The Albany County district attorney’s office said Tuesday that it is moving to dismiss a misdemeanor charge of forcible touching against former New York Gov. Andrew Cuomo.
Cuomo was scheduled to appear in court on Friday.
“While we found the complainant in this case cooperative and credible, after review of all the available evidence we have concluded that we cannot meet our burden at trial,” District Attorney David Soares said in a statement. “As such we have notified the court that we are declining to prosecute this matter and requesting the charges filed by the Albany County sheriff be dismissed.”
Soares’ decision was first reported by The Albany Times Union.
Cuomo was hit with the forcible touching complaint last October. It alleged he placed his hand “under the blouse” of a woman and “onto her intimate body part” for “purposes of degrading and gratifying his sexual desires” during a Dec. 7, 2020, encounter at the governor’s mansion.
Cuomo denied the allegations, which were made by an executive assistant in his office, Brittany Commisso, who went public with her identity in days after the complaint was issued. Commisso was one of 11 women who outlined allegations of harassment against the governor in a blistering report by the state attorney general’s office that led to Cuomo’s resignation in August. Commisso’s allegations were the most serious against Cuomo, who could have faced up to a year in jail had he been convicted.
Cuomo was initially scheduled to appear in court on the criminal case in November, but that date was pushed back because of unusual infighting between the Albany district attorney and the sheriff’s office.
Soares told the judge hearing the case he wanted more time to weigh the prosecution because his office had not been consulted before the complaint was filed. He said the paperwork contained potential defects.
A judge signed off on the criminal complaint after Sheriff Craig D. Apple Sr. said he presented evidence for the court to “determine the most appropriate legal pathway” for the investigation into Cuomo.
Apple later told reporters that he’d planned on meeting with the district attorney before the complaint was issued and hadn’t expected the court to act so quickly. He told reporters they would “roll with it.”
The Times Union reported that Commisso was told of the district attorney’s decision on Monday.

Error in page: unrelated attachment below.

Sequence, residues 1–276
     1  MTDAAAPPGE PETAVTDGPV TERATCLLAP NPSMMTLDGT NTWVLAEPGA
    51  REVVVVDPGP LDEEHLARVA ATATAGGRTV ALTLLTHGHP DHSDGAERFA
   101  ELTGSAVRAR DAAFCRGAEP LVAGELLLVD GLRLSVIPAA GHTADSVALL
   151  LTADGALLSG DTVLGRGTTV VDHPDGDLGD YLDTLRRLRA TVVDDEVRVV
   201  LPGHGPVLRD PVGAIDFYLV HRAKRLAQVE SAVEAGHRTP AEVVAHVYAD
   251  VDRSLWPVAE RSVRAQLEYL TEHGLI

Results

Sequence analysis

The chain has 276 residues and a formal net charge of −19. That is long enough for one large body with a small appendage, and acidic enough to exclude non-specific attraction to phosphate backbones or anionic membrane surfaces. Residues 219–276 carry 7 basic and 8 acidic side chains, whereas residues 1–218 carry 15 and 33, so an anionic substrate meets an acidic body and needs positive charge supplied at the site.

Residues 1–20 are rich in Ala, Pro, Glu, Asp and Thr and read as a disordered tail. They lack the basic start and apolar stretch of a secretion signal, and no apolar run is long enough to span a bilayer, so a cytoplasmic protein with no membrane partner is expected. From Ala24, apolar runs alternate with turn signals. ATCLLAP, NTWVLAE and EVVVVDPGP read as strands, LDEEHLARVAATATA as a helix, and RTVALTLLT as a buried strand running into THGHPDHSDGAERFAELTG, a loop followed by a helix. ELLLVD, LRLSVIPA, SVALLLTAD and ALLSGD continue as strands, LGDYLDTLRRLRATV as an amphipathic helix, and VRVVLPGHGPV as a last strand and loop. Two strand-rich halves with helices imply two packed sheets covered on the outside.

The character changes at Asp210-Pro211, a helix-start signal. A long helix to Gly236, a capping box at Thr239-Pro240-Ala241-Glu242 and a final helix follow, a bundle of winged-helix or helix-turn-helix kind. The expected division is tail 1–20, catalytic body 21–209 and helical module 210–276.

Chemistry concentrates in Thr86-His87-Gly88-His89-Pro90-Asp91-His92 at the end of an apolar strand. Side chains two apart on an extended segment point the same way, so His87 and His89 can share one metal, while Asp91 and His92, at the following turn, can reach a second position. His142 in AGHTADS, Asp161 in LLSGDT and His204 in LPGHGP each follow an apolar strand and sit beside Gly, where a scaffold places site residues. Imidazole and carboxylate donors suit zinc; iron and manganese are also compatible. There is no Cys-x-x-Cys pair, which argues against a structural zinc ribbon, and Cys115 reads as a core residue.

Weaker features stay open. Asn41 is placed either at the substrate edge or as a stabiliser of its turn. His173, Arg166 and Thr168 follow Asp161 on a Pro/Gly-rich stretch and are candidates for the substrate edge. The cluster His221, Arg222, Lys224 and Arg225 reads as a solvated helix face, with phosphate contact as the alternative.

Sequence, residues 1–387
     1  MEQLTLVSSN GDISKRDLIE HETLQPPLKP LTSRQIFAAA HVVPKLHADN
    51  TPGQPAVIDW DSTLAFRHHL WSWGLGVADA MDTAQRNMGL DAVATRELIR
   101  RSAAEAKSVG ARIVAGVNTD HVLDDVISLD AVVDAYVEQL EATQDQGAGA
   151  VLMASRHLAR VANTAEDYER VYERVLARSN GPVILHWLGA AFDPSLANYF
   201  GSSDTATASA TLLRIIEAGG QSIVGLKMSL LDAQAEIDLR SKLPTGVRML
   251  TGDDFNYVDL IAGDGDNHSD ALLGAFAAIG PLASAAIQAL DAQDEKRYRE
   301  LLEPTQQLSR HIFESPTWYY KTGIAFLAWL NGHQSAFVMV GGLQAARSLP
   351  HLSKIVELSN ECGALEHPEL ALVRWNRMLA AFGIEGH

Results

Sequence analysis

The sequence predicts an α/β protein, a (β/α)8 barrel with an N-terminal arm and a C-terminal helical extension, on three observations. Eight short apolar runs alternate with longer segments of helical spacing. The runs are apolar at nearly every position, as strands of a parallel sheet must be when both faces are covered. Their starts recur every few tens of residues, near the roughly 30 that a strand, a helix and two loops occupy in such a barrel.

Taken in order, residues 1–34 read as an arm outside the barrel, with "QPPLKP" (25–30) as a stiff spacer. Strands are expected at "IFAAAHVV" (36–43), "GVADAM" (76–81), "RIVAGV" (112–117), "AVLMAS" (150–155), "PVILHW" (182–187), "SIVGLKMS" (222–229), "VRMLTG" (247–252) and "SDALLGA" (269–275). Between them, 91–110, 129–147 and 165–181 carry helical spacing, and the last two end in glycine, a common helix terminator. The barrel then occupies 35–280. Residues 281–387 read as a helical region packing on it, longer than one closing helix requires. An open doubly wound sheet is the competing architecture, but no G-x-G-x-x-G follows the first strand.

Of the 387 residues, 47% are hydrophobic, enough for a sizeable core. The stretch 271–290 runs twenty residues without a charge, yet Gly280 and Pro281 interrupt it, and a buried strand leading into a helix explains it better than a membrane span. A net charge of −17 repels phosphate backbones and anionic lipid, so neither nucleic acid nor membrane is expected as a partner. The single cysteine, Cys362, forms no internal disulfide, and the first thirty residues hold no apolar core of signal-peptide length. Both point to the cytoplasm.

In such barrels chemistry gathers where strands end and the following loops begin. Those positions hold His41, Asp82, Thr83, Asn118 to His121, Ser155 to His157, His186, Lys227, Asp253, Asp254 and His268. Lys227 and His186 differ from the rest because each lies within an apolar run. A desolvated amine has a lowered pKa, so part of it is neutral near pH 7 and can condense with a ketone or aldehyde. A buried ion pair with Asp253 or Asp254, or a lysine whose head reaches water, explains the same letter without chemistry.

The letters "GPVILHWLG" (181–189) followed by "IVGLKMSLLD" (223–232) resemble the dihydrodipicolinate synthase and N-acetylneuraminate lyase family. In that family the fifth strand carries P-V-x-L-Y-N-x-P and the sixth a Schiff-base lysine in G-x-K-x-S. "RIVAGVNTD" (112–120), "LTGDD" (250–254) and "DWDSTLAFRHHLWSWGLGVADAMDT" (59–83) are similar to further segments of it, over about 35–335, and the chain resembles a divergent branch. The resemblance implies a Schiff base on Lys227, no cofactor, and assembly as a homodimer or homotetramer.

Her attorney, Brian Premo, told NBC News: “I can confirm only that in this case my client had no control over the filing or prosecution of criminal charges. She had no authority or voice in those decisions. The only thing she has any power over is her resolution to continue to speak the truth and seek justice in an appropriate civil action, which she will do in due course.”
Cuomo’s attorney, Rita Glavin, had no immediate comment. She blasted the sheriff in October for pushing ahead with the case, saying, “This is not professional law enforcement; this is politics.”
The Albany district attorney’s decision comes on the heels of similar announcements involving allegations by two other accusers by district attorneys in Nassau and Westchester counties. Cuomo was not charged in those cases.
Mariann Wang, who represents two other accusers, Alyssa McGrath and Virginia Limmiatis, said her clients were “disappointed” but not surprised by Soares’ decision.
“Unfortunately, our penal laws and system frequently do not properly punish the acts of so many abusive men in power,” Wang said.
Dareh Gregorian is a politics reporter for NBC News.
Adam Reiss is a reporter and producer for NBC and MSNBC.
Jonathan Dienst is a reporter for WNBC-TV in New York, leading its investigative reporting team and covering justice and law enforcement issues.
Tom Winter is a New York-based correspondent covering crime, courts, terrorism and financial fraud on the East Coast for the NBC News Investigative Unit.